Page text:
More than an earful

<strong>Inside the Whale</strong>

Jennie Rooney

<em>Chatto & Windus, 262pp, £12.99</em>

Chances are that one can get through this life without knowing the best way of effecting an escape if swallowed by a whale. Any reader of Jennie Rooney's first novel is, however, sure to have it indelibly fixed in the mind that "according to the latest scientific research, swallowees who have been fully devoured ought to try to cling to the front of the tongue and hope for a fortuitous gap in the teeth".

No seafaring tale, this novel is the work of a singularly outlandish and compassionate imagination. That whaling observation owes nothing to a deck lashed by Atlantic waves but is the answer given to one of the narrators by a librarian "sporting purple pyjama trousers and a headdress of dirty blonde dreadlocks that got trapped in books when she shut them too abruptly". Such is one of the many truculent views of the contemporary world made by recently widowed Stephanie Sandford (Stevie) who looks back on her life in chapters that zigzag through time while alternating with those by Michael Royston as he contends with the cancer that has left him unable to speak.

It gives nothing away to say that the two narrators were separated by the Second World War and that they share a child brought up by another man. Will they meet again? That, put simply, is the narrative thrust, but its real delight is the continual ability - the mark of a born novelist - to conjure up scenes that linger in the mind far longer than they did on the page. The book teems with people, briefly met, but never feels crowded. Perhaps Stevie's misfortunes began before conception: her mother married a man called Reg, apparently praised in letters from her brother Jack before his death in the Great War, but only at the wedding reception did her mother meet among the guests another Reg: the one her brother had meant. "She . . . went back to join her husband and the dancing, her smile shining only a little dimmer on her lips than it had done before the trifle was served."

Later, typical of the novel's way with curious facts and offbeat comment, comes Michael's remark to Stevie that people queued to watch the American astronomer Edwin Powell Hubble at work, and "a girl called Mary had fallen in love with him as she stood on tiptoes, craning over another man's shoulder to see, and Hubble had spotted her and married her". As for Stevie and Michael, their life in pre-war suburbia - she in the canteen at a peanut factory, he at a dairy - is splendidly evoked, lidos, bike rides, fumbles and all, as is the Africa to which Michael is sent, where he works with the Morse code that resurfaces decades later in the ward. Meanwhile, Kikuyu boys "would cheer encouragingly as we spoke to them in our stilted and biblical Swahili, and they would argue among themselves about what we had been trying to say".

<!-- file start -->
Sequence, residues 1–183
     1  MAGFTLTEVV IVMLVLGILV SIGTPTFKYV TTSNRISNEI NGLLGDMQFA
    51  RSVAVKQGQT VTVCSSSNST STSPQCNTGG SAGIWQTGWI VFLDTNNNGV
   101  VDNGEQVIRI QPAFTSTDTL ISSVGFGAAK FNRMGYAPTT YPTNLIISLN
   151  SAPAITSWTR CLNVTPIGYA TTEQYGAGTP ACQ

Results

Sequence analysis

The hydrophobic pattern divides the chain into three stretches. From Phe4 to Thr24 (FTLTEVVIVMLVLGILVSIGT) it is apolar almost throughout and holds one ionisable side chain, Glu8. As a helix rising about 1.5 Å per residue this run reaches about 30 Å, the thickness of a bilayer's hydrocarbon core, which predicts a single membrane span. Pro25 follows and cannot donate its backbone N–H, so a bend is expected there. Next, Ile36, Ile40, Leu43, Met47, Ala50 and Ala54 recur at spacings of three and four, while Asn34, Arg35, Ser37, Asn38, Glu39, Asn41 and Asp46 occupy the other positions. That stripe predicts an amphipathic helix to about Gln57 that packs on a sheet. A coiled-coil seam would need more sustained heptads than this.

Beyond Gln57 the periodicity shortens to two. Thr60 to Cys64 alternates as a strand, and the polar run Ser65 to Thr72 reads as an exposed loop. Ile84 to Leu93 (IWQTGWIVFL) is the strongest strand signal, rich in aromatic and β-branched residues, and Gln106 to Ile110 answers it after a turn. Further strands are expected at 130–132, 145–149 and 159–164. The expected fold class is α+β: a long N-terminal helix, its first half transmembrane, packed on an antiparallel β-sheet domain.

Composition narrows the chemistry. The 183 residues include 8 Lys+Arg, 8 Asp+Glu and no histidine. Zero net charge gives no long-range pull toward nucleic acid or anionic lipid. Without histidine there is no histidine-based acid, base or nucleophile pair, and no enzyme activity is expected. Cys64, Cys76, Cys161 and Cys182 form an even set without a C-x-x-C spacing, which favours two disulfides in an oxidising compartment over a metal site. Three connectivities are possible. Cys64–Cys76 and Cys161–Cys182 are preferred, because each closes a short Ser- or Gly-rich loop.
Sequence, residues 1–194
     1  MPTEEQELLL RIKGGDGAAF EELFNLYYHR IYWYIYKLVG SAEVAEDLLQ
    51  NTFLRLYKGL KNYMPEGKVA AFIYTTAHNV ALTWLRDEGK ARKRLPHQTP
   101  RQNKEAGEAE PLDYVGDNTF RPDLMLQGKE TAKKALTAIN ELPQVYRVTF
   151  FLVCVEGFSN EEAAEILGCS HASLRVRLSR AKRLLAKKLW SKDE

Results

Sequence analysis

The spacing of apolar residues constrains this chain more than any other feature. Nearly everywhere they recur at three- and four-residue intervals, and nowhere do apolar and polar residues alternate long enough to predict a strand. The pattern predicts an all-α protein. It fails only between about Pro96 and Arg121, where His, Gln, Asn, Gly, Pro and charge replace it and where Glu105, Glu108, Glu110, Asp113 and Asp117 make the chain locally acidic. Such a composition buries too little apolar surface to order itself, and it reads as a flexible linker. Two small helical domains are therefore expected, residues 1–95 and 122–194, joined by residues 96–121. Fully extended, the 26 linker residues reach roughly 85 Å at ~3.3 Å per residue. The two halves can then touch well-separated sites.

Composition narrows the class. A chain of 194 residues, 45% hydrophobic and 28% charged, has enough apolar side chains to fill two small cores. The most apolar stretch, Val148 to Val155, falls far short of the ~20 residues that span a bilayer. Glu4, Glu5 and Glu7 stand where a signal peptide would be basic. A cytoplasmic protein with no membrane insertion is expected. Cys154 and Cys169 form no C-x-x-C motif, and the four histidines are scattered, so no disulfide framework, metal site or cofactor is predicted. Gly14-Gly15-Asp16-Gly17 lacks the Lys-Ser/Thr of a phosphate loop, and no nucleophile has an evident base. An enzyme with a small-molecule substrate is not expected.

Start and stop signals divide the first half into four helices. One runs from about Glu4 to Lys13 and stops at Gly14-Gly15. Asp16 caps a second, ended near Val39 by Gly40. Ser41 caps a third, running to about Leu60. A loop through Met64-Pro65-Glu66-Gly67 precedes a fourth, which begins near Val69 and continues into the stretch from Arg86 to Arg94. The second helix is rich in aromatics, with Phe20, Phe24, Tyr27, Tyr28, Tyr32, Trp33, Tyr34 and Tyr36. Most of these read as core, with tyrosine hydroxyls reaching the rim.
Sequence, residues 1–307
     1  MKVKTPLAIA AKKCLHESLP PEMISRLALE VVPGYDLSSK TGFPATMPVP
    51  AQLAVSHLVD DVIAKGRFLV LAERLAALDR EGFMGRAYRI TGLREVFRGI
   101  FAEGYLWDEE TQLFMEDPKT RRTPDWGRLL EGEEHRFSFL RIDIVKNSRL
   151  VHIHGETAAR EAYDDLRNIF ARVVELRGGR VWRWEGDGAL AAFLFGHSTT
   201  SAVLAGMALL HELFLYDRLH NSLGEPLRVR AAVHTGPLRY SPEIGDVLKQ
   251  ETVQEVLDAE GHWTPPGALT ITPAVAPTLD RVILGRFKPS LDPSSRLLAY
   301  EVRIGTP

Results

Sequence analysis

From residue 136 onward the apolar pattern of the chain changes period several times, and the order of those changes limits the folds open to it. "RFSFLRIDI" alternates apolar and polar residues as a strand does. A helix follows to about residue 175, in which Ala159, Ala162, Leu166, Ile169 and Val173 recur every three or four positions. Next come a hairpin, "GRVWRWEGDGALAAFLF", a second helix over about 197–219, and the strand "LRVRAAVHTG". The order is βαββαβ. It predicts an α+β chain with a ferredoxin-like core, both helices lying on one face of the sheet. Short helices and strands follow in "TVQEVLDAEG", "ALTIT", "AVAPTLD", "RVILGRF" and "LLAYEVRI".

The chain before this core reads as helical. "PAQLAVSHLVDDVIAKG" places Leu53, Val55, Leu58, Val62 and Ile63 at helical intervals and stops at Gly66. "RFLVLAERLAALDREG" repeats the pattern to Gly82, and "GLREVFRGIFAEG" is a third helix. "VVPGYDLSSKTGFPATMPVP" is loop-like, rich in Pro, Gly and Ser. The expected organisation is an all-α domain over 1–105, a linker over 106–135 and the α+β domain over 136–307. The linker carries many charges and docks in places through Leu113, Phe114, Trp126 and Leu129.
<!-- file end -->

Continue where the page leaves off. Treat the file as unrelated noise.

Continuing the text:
Events in Africa take a hideous turn, from which Michael finds some recovery in two years' service with homing pigeons, one of whom, heartbreakingly, wins the Dicken Medal for heroism. All of which, had she learned about it, might have put Stevie's lifelong toothbrush rage in some perspective ("I can't bear splayed bristles clogged with dried toothpaste. It makes me nauseous to hear the hawkings and swillings of others, to watch the white froth gathering and bubbling over their tongues").

Whether a matter of Regs, pigeons, or Swahili, Morse and much more, Inside the Whale is a novel about communication for ever interrupted, misunderstood, by those trapped in life's whale.

What the doctors don't tell you is this. The human ear is not an expansive organ. It allows us only a sliver of the full acoustic spectrum. What sounds like the deepest silence is in fact a cacophony of sound, a melee of screaming meteors, of roaring drizzle and howling clouds, accompanied by an incessant low hum coming from the centre of the earth. And they don't mention that the sounds we do hear are nothing more than fast-decaying vibrations of material that lose energy almost immediately, fading away while we try desperately to rearrange the vibrations into something more meaningful.

Kamikaze raids descend and concentration-camp gas hisses beyond auditory range, while connoisseurs of irony, in which Inside the Whale abounds, must relish all the more mute Michael's later aural reflection: some silence is "clean and deliberate. It's a different sort of silence from the one that bounces around a nearly empty room when the radio is on, muffled only slightly by the illusion of company provided by Radio 4. The Afternoon Play, The Archers, Gardeners' Question Time. That's a different sort of silence altogether."

That station took this in its stride, recently broadcasting several extracts, and the novel has one shouting its praises to anybody who is within earshot.

This article first appeared in the 01 September 2008 issue of the New Statesman, The truth about GM food